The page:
The Muslim Brotherhood are thought to be coordinating an international response to attacks on the group from a flat above a disused kebab shop in Cricklewwod, northwest London
David Cameron has ordered an urgent investigation into the Muslim Brotherhood amid fears that the Islamist organisation is planning extremist activities from Britain.
The review will include an assessment by MI6, the foreign intelligence service, of claims that the group was behind the murder of three tourists on a bus in Egypt in February and a spate of other recent attacks.
MI5, Britain’s domestic intelligence agency, will also be asked to investigate how many senior leaders are based in this country after last year’s military coup in Egypt, which deposed Mohamed Morsi, the Muslim Brotherhood leader who was elected president.
The Brotherhood is Egypt’s oldest and largest Islamist organisation and has inspired similar movements around the world with its combination of political activism and charity work.
Now officials say it is “possible but unlikely” that the organisation will join the list of groups banned in Britain because of their links with terrorism.
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Mr Cameron is under pressure to follow Egypt and Saudi Arabia, which claim that London is a vital hub for the Brotherhood’s worldwide operation, in banning the group.
The Government is understood to have been presented with evidence that the leaders of the organisation, which says it is committed to the non-violent, democratic promotion of Islam, held a meeting to decide its strategy in London late last year.
Mr Morsi remains in jail awaiting trial for treason with many of the group’s most senior figures. Others are said to have fled to London where, according to some reports, they are co-ordinating an international response from a flat in Cricklewood, northwest London.
Long-suppressed in the Middle East, the Brotherhood sprang to prominence during the Arab Spring and won Egypt’s first democratic election in 2012. It has since been driven underground following violent street protests in which more than 1,000 were killed after last year’s military takeover.
A court in Cairo last month sentenced to death 529 Brotherhood members in a significant escalation of the crackdown on the group. In response to protests from some Western governments, Egypt’s caretaker government insists that it is implicated in attacks on army bases and tourists and has banned it as a terrorist organisation.
Mr Cameron ordered an urgent review after concluding that not enough was known about the group’s make-up and aims. He has asked Sir John Jenkins, Britain’s Ambassador to Saudi Arabia, to report on its “philosophy and values and alleged connections with extremism and violence” by the end of July. Initial work by Sir Kim Darroch, the National Security Adviser, has already started.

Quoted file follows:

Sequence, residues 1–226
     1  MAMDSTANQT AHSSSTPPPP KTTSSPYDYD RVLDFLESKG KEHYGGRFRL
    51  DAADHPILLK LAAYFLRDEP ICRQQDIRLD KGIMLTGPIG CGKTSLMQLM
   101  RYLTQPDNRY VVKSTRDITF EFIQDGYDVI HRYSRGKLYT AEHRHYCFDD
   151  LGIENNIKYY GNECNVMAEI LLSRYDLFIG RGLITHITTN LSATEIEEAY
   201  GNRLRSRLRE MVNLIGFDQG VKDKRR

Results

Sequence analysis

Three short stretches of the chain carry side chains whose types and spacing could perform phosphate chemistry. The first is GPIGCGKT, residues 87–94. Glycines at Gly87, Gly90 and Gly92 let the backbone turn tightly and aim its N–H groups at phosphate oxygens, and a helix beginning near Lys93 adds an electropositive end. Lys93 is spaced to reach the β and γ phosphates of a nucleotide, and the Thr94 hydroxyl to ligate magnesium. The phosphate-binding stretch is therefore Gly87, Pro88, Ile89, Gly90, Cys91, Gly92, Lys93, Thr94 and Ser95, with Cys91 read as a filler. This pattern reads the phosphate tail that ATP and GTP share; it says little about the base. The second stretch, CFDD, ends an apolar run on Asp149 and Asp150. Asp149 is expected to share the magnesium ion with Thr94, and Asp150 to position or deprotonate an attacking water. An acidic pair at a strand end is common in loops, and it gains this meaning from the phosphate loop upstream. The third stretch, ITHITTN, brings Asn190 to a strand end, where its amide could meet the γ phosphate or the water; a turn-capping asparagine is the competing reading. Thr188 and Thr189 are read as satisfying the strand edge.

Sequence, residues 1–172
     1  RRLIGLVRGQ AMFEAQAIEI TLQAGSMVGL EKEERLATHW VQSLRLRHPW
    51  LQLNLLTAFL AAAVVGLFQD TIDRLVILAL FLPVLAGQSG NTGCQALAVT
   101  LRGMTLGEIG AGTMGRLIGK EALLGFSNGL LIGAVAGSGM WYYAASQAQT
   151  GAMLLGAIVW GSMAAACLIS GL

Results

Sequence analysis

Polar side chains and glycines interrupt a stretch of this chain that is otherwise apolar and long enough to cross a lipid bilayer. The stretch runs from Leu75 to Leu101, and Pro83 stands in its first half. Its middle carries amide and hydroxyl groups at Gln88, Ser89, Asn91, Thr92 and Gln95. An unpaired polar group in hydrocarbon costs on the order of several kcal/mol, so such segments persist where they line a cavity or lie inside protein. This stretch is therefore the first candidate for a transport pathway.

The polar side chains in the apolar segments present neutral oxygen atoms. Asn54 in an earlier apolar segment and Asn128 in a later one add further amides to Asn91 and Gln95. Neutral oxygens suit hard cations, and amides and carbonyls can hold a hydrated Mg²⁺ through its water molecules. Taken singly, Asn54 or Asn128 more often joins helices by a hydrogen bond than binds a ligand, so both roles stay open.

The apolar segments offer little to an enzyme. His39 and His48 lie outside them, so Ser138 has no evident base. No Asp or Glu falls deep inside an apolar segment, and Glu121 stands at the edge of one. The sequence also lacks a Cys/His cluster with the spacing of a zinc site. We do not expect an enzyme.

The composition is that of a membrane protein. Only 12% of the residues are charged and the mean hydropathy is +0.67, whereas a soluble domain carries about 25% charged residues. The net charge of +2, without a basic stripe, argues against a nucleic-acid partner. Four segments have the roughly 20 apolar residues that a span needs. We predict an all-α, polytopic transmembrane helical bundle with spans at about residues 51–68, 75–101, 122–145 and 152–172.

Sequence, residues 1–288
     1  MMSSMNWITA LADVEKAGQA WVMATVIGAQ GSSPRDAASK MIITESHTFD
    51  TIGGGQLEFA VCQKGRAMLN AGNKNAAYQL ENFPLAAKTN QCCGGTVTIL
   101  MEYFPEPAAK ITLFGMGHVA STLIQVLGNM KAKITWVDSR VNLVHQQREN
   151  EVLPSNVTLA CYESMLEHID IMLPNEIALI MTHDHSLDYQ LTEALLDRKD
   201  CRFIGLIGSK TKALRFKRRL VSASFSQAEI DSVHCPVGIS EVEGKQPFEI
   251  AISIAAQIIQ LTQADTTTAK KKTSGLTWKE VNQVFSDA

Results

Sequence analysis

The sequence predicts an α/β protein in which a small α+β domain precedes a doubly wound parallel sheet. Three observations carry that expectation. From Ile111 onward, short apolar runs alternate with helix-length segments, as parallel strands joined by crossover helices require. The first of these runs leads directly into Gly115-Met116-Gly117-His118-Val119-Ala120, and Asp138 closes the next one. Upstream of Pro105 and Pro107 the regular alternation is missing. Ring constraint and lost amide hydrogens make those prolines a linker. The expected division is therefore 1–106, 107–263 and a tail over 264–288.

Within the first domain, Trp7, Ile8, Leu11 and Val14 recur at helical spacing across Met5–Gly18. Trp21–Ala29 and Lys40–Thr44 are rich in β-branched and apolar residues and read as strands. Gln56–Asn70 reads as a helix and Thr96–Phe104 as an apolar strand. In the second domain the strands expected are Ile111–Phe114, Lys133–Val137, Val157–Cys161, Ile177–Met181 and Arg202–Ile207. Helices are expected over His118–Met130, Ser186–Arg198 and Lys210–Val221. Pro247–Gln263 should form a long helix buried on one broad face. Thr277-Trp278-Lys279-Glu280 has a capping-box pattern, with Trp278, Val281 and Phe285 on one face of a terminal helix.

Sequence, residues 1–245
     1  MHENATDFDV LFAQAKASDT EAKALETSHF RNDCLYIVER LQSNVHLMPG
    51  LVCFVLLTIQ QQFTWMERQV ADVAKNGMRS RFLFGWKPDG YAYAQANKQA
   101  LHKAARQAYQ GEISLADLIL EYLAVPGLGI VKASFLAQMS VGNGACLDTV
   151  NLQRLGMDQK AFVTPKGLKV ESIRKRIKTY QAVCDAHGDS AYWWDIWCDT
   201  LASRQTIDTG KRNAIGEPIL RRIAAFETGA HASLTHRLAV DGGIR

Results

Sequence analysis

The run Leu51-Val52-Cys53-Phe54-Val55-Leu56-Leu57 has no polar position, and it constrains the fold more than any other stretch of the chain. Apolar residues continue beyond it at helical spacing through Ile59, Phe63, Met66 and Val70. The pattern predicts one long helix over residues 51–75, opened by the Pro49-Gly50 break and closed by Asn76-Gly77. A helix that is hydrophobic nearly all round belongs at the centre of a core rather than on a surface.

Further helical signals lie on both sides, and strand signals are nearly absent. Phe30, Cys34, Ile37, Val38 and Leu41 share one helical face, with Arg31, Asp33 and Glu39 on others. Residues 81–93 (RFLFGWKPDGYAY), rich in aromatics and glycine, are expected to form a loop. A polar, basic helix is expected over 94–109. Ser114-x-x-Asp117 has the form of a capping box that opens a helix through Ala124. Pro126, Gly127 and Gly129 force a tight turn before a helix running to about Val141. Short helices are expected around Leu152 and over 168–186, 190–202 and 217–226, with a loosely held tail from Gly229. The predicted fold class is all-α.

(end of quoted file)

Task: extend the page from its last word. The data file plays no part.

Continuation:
Senior Foreign and Commonwealth Office figures have so far resisted proscription, arguing that to hobble a largely moderate body would only serve to bolster extreme Islamists. “The truth is that this is a large, disparate organisation that takes different forms in different countries,” an official said.
Others, including in the security services, take a markedly different view. Sir Richard Dearlove, the former head of MI6, is said to have described the Muslim Brotherhood as “at heart a terrorist organization”.
One official confirmed that there were worries that some fringe elements of the Muslim Brotherhood may have links with violent extremists.
A No 10 spokesman said: “The Muslim Brotherhood has risen in prominence in recent years but our understanding of the organisation, its philosophy and values, has not kept pace with this.
“Given the concerns about the group and its alleged links to violent extremism, it’s absolutely right and prudent that we get a better handle of what the Brotherhood stands for, how they intend to achieve their aims and what that means for Britain.”
The Brotherhood is seen as the first movement to espouse politicial Islam, envisaging a state run along the lines of religious law, and has had many offshoots and imitators. Many commentators say that the violent extremism of al-Qaeda can be traced back to the Brotherhood.
Its most prominent presence in the UK was the Muslim Association of Britain, which played a key role in the campaign against the Iraq war, but that movement suffered a split almost ten years ago. One of the groups emerging from that split, the Cordoba Foundation, is seen as the organisation closest to the Muslim Brotherhood.
The Brotherhood, Ikhwan in Arabic, is not a proscribed organisation in Britain and until now has not been deemed a threat to national security. Its associates here have been viewed as non-violent Islamists and have engaged in political and academic discussion.
However, the violent demise of the group’s brief period of power in Egypt has led to concerns that some fleeing repression by the new regime in Cairo may seek shelter and support in Britain.
A spokesman for the Muslim Brotherhood said that it would co-operate with the Downing Street review. “It is a religious obligation for any Muslim Brotherhood member who lives whether in his homeland or any state to respect its system and laws,” he said.
Kwasi Kwarteng, a Tory MP and member of the Conservative Middle East Council , said that the West had been blindsided by the group’s sudden emergence. “I saw how they won elections in Egypt and essentially they ran Egypt very much in a partisan manner. They are quite loose, so they will say different things at different people at different times to seem moderate. They are great masters of disguise.
“I think people in the West can get very deluded about the nature of the Brotherhood. Certainly three years ago we thought they were going to be just another political party.”